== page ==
Americans are really good at making good food so excessive it’s disgusting. I’m sure by now you’ve read about the “cherpumple” – a pie baked into a cake. Specifically, it’s an apple pie baked into a spice cake, a pumpkin pie baked into a yellow cake, and a cherry pie baked into a white cake. Slap it all together with some icing, and you have something that’s truly . . . wrong. So very wrong. It’s so wrong I’m putting it on notice.
Now, believe me – I’m really not into the whole “it’s only good if it’s fancy and refined” attitude towards food. In fact, most plated desserts – with their tiny little components of cake and ice cream and whatnot all perfectly arranged like a miniature masterpiece on the plate – leave me cold.
My problem with the cherpumple isn’t that it’s unrefined, or messy – it’s that it does an injustice to both the pie and cake. Pie, at its essence, is about the textural contrast between a crisp pastry crust and a sweet and fruity filling. What do you do if you encase a pie crust in cake batter? A soggy pie crust.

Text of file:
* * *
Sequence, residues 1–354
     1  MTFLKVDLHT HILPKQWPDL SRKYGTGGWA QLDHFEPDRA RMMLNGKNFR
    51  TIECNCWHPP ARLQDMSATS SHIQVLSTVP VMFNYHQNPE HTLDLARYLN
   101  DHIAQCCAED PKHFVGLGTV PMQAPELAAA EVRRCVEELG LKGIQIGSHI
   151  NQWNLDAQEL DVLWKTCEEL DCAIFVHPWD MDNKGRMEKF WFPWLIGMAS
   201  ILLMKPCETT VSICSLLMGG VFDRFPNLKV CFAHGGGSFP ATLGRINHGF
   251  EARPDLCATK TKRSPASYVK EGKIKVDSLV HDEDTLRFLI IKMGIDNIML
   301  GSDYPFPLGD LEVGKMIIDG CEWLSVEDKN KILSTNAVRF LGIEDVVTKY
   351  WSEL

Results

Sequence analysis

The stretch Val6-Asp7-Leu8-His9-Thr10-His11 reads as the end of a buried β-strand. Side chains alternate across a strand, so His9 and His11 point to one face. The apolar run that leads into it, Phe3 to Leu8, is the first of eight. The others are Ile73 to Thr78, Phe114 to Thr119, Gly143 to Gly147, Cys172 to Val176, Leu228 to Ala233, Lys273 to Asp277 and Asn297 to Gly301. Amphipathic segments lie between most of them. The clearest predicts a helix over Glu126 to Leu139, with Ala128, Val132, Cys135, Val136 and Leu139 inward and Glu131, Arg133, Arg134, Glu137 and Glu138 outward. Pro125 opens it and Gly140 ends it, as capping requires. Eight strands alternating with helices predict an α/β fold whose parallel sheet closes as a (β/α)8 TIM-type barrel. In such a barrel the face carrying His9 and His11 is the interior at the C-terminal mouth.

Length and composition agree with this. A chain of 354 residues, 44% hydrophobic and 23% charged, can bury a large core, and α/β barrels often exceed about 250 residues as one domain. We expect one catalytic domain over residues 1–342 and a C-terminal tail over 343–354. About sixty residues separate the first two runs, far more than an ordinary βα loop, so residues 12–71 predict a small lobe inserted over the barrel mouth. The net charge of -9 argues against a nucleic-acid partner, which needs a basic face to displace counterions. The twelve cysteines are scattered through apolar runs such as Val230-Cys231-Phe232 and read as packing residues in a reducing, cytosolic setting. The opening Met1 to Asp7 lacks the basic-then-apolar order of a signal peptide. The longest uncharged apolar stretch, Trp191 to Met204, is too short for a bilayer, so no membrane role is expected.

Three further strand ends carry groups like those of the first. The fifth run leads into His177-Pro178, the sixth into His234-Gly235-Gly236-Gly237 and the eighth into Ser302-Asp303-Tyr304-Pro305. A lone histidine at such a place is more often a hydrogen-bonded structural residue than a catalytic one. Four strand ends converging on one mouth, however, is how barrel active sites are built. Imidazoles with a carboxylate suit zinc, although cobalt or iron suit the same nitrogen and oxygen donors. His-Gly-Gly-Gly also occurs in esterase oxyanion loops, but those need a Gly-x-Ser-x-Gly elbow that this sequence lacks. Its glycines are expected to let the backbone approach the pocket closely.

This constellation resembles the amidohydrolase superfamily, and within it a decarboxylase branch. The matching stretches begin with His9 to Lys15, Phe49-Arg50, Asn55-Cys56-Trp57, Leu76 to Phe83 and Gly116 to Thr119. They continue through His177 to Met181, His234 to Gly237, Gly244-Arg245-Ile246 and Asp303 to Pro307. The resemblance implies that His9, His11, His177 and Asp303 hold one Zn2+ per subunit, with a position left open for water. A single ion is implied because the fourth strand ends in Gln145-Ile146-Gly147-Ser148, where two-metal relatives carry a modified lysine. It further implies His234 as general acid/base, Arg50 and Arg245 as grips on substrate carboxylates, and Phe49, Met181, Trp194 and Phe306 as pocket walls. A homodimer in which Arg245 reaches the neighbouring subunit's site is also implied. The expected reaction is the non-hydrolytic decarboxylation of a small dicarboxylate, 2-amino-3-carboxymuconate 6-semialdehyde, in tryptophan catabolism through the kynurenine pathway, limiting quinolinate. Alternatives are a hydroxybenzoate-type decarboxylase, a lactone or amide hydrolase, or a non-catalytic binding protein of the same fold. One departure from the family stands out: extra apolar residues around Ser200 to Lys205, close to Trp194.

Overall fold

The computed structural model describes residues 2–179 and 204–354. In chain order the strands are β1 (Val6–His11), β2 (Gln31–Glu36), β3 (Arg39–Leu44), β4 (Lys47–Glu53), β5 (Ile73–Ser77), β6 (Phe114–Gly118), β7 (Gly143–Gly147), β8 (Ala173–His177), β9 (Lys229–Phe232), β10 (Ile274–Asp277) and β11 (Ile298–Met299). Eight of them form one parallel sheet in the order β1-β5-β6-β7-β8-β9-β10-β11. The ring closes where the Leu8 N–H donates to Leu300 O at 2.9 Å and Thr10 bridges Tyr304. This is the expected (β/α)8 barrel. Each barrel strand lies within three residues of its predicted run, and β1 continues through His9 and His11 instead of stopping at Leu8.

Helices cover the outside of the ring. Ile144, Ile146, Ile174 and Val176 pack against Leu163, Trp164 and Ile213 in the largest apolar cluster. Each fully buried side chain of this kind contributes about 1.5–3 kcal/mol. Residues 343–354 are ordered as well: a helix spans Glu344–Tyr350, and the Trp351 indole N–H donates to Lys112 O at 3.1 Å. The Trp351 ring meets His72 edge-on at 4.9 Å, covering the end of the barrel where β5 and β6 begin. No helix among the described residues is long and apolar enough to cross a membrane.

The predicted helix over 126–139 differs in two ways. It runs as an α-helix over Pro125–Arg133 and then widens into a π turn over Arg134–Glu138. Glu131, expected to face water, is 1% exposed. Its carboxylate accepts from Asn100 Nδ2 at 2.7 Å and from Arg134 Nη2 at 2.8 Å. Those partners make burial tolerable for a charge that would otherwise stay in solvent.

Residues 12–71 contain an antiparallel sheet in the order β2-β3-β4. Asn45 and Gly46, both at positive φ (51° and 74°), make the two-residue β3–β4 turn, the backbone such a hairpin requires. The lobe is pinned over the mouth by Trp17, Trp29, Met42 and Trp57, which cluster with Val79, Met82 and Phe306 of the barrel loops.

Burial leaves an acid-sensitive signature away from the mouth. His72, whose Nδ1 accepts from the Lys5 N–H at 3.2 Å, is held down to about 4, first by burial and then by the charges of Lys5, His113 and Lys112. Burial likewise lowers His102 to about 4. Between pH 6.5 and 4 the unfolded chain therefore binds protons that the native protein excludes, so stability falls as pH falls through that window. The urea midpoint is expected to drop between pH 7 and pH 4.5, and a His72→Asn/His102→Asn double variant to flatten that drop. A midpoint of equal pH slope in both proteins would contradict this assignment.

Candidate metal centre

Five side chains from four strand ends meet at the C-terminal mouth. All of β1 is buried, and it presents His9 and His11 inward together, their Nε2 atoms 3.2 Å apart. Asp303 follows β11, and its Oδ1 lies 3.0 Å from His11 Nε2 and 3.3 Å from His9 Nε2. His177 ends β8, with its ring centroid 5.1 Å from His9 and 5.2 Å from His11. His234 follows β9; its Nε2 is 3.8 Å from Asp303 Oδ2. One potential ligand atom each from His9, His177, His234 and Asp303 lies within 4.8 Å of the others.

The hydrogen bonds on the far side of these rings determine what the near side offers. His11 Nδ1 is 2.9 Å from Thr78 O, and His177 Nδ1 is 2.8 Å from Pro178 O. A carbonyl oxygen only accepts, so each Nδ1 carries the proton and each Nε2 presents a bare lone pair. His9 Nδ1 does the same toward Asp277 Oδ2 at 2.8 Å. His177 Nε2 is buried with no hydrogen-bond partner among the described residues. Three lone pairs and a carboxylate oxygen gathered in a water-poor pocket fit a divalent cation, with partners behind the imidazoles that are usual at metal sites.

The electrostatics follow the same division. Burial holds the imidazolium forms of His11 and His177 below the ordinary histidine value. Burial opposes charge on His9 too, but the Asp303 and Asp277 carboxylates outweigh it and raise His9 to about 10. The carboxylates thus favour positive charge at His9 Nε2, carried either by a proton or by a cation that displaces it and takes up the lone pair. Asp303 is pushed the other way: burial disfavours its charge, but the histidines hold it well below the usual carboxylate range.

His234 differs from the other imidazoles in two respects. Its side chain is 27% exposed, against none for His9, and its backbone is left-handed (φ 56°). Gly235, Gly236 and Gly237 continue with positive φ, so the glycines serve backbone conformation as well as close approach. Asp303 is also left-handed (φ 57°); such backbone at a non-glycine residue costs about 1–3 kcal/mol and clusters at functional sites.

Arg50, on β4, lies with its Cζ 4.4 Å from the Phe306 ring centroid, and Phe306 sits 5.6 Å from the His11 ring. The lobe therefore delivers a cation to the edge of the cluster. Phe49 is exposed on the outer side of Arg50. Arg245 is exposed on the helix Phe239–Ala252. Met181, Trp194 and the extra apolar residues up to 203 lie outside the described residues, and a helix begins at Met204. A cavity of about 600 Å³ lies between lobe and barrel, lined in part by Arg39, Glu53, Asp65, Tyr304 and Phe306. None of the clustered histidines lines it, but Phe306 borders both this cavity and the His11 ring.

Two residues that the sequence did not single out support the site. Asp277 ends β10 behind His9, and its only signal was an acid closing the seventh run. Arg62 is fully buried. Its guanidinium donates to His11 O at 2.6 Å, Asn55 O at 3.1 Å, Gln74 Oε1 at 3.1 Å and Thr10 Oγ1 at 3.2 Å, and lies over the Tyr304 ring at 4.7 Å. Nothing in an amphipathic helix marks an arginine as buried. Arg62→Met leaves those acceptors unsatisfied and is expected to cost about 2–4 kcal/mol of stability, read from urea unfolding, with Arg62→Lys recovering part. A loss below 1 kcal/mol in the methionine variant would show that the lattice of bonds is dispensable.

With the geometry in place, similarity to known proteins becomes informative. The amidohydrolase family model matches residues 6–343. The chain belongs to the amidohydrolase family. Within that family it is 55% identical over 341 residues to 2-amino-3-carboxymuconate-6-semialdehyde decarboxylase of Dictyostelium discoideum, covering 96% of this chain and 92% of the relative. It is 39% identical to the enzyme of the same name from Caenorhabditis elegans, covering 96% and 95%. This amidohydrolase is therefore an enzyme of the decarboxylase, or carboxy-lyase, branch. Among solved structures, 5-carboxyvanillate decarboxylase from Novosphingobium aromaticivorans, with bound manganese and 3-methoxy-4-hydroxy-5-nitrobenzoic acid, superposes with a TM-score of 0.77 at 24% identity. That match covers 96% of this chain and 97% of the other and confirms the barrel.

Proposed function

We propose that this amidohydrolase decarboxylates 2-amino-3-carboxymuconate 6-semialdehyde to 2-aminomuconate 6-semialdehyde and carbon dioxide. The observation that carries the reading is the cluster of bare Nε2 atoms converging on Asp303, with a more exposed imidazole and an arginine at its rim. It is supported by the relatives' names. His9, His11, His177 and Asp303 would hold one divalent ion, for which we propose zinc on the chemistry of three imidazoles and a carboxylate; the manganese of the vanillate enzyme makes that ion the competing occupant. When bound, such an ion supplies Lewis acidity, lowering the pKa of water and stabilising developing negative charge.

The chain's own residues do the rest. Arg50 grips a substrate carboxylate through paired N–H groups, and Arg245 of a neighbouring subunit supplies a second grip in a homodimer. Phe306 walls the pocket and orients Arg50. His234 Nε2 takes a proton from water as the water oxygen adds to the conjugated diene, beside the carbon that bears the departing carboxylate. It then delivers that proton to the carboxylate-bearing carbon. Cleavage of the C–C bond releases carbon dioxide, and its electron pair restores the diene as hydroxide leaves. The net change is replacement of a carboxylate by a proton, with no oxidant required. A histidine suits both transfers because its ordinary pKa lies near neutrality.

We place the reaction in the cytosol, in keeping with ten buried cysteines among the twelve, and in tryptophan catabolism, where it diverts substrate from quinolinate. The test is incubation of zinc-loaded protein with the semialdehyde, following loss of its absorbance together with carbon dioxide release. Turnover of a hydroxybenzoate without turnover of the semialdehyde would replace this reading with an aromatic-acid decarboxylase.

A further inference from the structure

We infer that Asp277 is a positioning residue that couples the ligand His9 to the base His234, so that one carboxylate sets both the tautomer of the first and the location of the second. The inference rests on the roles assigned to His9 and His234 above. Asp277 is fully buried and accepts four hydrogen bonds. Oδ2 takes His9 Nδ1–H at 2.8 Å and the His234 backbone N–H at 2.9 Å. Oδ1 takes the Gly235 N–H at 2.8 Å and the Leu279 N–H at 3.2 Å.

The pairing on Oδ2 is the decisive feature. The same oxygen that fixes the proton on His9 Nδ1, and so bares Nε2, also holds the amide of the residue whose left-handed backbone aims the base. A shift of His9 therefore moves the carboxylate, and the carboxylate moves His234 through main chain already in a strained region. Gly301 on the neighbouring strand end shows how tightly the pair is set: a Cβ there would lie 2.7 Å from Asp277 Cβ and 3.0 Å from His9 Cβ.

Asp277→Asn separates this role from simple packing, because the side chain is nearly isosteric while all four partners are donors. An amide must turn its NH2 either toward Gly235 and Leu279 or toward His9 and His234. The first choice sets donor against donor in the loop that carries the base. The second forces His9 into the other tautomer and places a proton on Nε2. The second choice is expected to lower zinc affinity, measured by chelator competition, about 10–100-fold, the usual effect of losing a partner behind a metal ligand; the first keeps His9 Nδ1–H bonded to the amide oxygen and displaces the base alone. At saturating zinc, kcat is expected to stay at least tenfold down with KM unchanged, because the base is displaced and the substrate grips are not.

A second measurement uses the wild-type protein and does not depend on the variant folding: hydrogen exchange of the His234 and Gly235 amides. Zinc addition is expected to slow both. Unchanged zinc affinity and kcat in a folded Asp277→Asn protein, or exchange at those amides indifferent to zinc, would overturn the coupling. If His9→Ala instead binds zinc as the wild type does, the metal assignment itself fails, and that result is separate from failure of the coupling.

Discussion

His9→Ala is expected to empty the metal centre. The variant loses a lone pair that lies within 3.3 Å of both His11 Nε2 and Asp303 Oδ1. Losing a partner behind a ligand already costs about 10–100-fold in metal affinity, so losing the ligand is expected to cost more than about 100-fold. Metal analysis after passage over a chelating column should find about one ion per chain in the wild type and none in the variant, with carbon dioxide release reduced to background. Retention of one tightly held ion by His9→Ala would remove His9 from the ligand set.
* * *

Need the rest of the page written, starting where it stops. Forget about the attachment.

And cake should be about texture, and the marriage of light, buttery cake and the sweet and smooth icing. Using cake as a glorified wrapper for a fully baked pie is just wrong – your cake will never cook through in the center unless you cook the hell out of the sides. It’s going to be one nasty, tough piece of cake.
There’s no way a cherpumple is going to taste good, unless all you’re going for is the sugar. And it’s wrong – it’s wrong to make and sell and promote a dessert that fundamentally can’t taste good.
Ultimately, this is a dessert that’s just about spectacle, and has nothing to do with the integrity of its ingredients, components, or flavors. And if there’s anything we need less of in American dining, it’s excess for the sake of excess.
What do you think of the churpumple? Would you eat it? Make it? Do you like the concept? Does it bug you as much as it bugs me?